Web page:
Neonatal and childhood right atrial thrombosis: recognition and a risk-stratified treatment approach Academic Article uri icon

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  • Pediatric literature and guidelines of treatment options for right atrial thrombosis (RAT) are lacking; thus, this review summarizes the available literature on RAT in infants and children. Medline search identified 35 publications, with 27 prospective or retrospective case series included for data analysis. A total of 122 cases of RAT were identified. The mean age of patients is 3.58 years (n = 86) with a strong predominance in the neonatal and infancy period. Ninety-one percent of cases were found to be associated with central venous catheters, 40.8% are premature neonates, 27.2% are postcardiac surgery patients, and 19.2% have underlying malignancies. Gut failure with total parenteral nutrition given via the central venous catheters occurred in 45.6% of patients. The most frequent presenting symptoms are respiratory distress and arrhythmia, and 56.8% (42 of 74) were asymptomatic. Our study defined high-risk features on echocardiogram as large size, more than 2 cm in any dimension, pedunculated, mobile, or snake-shaped, and mobile. Our result confirmed there is significant difference in the mortality for the high-risk group (16.7%; three of 18) versus the low risk group (0%; n = 32; P = 0.0416). Moreover, none of the asymptomatic patients showed progression in disease or died. Asymptomatic and hemodynamically stable patients with RAT who are at low risk are associated with good prognosis irrespective of treatment. We recommended removal of central venous line if possible, with or without anticoagulation for this group of patients. Systemic anticoagulation therapy should be given to all high-risk or symptomatic RAT patients. Surgical thrombectomy or thrombolytic therapy carries significant risk and should be considered individually.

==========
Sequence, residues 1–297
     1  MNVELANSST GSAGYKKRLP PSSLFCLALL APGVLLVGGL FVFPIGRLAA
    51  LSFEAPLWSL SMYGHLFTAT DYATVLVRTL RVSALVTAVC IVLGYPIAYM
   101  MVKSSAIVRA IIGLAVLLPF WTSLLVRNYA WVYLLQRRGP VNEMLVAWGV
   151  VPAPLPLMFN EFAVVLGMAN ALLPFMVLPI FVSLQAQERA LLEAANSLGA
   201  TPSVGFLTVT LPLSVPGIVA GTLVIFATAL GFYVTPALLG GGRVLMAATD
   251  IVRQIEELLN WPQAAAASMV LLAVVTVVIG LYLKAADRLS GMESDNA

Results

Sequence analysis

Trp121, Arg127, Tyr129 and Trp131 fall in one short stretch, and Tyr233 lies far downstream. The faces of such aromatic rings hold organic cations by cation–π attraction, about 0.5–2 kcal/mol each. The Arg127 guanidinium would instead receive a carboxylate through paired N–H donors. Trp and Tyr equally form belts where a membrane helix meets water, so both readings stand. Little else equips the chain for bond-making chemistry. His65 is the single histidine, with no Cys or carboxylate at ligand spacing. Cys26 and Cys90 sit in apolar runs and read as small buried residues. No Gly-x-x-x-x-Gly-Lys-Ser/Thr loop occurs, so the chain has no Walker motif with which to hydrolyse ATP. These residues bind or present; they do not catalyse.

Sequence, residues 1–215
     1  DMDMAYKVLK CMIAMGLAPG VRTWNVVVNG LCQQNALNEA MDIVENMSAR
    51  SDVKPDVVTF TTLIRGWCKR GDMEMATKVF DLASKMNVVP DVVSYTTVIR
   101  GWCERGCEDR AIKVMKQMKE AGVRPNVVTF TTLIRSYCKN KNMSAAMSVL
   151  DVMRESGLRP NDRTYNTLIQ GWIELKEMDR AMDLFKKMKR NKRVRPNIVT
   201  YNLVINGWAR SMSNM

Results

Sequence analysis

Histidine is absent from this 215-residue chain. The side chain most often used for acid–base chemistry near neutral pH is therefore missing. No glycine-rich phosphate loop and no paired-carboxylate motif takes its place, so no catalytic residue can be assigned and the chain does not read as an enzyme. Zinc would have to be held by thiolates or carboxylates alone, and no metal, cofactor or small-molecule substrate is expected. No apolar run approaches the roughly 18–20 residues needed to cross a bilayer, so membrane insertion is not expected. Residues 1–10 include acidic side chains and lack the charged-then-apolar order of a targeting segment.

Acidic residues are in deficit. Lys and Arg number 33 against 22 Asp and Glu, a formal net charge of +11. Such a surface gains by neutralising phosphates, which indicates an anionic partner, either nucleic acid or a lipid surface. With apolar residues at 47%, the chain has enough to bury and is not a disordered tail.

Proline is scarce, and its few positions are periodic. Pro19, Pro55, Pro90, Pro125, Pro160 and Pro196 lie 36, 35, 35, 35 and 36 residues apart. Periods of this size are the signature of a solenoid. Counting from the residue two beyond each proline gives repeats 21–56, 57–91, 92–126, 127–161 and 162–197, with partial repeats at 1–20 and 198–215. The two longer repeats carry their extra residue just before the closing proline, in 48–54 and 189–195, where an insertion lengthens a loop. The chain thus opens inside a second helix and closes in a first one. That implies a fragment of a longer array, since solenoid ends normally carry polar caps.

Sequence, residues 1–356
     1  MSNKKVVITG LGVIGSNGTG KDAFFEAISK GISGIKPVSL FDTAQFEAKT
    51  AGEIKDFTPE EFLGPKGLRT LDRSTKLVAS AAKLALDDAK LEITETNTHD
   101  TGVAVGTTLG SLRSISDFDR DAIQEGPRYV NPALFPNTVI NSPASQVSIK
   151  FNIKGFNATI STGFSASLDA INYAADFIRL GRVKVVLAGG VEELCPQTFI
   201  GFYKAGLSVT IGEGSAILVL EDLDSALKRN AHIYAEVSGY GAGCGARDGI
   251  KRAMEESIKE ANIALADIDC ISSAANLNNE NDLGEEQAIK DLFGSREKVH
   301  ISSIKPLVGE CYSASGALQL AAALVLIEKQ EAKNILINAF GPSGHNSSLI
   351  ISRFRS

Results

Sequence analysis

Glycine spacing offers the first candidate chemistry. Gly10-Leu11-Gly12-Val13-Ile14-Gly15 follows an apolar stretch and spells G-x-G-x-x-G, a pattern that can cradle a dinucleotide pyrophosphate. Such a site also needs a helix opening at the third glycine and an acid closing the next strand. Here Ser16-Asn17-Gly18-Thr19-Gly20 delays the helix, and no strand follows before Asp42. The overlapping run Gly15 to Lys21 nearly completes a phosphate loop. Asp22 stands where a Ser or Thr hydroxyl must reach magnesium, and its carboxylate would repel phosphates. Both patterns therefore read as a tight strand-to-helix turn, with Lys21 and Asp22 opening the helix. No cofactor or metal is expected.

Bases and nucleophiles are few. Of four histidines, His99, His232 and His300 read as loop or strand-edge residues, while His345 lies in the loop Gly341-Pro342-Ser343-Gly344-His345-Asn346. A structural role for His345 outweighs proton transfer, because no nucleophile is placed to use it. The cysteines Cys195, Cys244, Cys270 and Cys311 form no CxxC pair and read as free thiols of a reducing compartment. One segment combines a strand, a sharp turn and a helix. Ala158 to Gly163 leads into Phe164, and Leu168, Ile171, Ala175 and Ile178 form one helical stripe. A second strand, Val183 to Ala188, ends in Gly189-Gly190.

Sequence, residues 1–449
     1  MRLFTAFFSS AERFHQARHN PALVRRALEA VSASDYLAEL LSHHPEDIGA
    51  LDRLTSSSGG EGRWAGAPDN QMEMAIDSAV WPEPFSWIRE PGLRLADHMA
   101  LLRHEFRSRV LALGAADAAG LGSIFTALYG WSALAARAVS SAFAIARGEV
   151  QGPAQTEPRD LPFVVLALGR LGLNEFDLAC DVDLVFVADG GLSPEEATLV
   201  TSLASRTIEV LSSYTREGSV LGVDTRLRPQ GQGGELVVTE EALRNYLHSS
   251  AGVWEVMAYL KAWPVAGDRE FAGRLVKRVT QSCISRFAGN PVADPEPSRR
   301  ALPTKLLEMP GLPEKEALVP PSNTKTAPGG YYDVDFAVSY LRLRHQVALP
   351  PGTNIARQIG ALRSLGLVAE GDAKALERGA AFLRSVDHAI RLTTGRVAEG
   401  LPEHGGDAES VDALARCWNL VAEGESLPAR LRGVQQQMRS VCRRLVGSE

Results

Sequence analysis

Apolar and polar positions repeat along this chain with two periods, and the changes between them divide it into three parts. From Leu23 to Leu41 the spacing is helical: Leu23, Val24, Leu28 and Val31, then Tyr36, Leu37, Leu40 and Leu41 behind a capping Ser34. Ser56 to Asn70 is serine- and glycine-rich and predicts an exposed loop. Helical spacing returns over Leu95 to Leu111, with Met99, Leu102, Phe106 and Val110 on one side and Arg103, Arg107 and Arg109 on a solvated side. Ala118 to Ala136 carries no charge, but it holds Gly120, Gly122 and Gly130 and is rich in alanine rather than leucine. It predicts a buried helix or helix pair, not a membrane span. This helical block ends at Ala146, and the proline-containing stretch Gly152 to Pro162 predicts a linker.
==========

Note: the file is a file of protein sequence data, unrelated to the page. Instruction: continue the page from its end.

• Yang, Janet YK
  • Williams, Suzan
  • Brandão, Leonardo R
  • Chan, Anthony

publication date

  • June 2010